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Authors

Contributions

E.G. conceived the study. E.G., A.T., T.P. and M.-C.V. designed experiments. A.T., J.D.F. and M.-F.G prepared or provided the clinical samples. L.B. and B.B. managed the clinical aspects of the study. A.P., R.L.B., M.G., D.A.L. and M.-M.S performed the experiments. W.A.C, J.J.J., H.D., A.S. and G.B. provided bioinformatics support. A.L and J.N. provided the MSC cell lines and culture protocols. J.V. and E.G. analysed the data and drafted the manuscript. All authors reviewed and contributed feedback on the final manuscript.

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Correspondence to André Tchernof or Elin Grundberg.

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A.T. receives funding from Johnson & Johnson Medical Companies and Medtronic for research unrelated to the present manuscript. The other authors declare no competing interests.

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Editor recognition Primary handling editor: Elena Bellafante.

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Extended data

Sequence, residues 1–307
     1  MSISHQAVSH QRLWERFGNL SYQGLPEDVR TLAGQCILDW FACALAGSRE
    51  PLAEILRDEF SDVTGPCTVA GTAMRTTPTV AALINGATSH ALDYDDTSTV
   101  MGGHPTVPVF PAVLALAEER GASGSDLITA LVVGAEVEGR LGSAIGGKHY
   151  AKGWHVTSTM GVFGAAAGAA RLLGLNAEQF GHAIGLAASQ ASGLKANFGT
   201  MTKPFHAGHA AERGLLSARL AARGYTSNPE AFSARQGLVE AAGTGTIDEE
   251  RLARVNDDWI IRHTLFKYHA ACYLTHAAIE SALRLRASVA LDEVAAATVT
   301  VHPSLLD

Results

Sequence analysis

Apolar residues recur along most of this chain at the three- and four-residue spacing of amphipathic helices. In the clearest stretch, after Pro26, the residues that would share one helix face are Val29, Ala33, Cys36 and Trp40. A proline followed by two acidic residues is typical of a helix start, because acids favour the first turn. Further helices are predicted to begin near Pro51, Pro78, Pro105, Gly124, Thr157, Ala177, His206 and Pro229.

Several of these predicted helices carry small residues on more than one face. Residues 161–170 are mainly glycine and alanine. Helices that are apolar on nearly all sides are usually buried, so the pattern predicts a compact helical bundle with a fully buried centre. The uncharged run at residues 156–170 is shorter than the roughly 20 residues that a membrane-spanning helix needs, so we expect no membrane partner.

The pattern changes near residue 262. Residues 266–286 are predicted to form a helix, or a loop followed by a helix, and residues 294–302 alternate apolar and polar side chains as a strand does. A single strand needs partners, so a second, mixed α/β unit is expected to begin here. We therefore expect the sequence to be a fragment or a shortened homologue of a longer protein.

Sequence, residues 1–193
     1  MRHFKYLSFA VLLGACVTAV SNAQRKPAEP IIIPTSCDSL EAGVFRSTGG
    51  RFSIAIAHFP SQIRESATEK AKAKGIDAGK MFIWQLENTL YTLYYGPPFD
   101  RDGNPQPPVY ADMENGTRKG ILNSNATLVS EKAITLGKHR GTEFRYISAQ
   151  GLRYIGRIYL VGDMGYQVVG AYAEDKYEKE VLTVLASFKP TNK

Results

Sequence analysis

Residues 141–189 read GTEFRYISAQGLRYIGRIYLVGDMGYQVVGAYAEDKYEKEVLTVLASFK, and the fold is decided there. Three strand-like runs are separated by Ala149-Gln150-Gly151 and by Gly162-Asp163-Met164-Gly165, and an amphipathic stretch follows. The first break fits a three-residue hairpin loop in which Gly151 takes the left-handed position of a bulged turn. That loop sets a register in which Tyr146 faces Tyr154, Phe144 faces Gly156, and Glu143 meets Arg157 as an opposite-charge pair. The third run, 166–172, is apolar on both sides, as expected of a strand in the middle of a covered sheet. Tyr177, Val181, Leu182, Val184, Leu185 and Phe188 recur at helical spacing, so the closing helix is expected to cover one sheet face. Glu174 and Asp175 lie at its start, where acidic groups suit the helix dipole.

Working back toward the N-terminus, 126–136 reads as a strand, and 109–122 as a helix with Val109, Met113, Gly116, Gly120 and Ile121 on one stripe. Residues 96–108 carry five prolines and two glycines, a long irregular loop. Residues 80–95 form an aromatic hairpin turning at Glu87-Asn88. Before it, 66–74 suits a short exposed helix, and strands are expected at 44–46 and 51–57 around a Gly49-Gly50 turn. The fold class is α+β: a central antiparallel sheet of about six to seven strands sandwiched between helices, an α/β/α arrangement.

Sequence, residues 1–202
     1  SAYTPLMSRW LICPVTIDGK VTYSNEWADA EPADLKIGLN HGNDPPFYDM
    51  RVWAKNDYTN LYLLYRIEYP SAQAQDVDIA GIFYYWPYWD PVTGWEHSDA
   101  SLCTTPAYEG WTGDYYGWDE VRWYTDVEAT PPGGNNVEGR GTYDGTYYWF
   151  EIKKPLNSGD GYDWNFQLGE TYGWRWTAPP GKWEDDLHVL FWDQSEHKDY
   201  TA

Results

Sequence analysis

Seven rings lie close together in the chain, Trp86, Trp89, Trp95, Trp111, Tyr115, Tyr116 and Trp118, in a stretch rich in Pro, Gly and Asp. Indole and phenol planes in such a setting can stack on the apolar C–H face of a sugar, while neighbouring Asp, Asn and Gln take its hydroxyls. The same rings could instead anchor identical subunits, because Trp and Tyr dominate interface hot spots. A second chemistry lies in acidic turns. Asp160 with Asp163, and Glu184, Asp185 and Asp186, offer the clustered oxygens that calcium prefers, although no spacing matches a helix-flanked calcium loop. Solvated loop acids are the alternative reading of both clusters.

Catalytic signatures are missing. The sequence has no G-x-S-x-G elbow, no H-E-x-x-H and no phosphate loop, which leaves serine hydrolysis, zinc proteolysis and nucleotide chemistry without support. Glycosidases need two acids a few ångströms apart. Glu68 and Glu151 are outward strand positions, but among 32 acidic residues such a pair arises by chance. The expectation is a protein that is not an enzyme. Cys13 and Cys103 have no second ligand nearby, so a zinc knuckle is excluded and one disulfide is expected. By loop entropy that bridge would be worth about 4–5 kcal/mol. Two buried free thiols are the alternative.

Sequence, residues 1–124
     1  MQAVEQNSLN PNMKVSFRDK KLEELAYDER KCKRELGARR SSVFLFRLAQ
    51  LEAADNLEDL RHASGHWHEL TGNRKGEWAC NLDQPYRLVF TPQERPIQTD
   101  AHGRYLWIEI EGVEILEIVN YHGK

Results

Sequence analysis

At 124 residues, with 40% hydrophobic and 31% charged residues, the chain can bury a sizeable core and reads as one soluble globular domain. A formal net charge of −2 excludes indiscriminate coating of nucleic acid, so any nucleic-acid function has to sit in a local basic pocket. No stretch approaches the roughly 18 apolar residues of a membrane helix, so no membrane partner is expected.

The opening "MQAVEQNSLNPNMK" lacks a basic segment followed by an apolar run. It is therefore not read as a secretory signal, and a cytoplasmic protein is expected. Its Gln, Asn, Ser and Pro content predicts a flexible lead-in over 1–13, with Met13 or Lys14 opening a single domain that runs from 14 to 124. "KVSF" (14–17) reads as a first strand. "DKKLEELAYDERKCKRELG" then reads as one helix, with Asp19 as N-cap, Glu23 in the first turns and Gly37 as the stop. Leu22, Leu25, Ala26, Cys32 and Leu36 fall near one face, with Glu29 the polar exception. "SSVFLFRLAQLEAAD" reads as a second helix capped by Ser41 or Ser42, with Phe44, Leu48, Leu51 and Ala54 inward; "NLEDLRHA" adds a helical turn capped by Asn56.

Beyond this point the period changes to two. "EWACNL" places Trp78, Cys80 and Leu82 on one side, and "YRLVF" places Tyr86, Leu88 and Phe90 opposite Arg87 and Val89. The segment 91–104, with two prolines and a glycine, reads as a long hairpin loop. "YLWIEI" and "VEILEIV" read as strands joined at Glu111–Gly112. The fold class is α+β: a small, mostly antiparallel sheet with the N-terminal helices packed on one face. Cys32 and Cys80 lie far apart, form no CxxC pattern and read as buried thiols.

Extended Data Fig. 1 Multiple macrophage clusters were identified in SVF from both SAT and VAT depots.

Multiple macrophage clusters were identified in SVF from both SAT and VAT depots (a) 4 distinct macrophage clusters showing varying expression of CD68 (19–52% of cells), CD9 (10–51% of cells) and CD36 (25–72% of cells). The y axis of the violin plot indicate log transformed expression values and the width indicate number of cells expressing the particular gene. (b)Genes involves in lipid metabolism is found expressed in macrophage cluster – IS2, whereas IS3 is rich in inflammatory markers.

Extended Data Fig. 2 Gene expression of marker genes in 6 visceral specific progenitor clusters.

Gene expression of marker genes in 6 visceral specific progenitor clusters. The y axis of the violin plot indicate log transformed expression values and the width indicate number of cells expressing the particular gene.

Supplementary information

Supplementary Information

Supplementary Figures 1–7

Reporting Summary

Supplementary Tables

Supplementary Tables 1–23

Supplementary Data

Statistical source data for Supplementary Figure 6

Source data

Source Data Fig. 3

Statistical source data for Figure 3c

Source Data Fig. 5

Statistical source data for Figure 5d and 5f

Source Data Fig. 6

Statistical source data for Figure 6d

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Vijay, J., Gauthier, MF., Biswell, R.L. et al. Single-cell analysis of human adipose tissue identifies depot- and disease-specific cell types. Nat Metab 2, 97–109 (2020). https://doi.org/10.1038/s42255-019-0152-6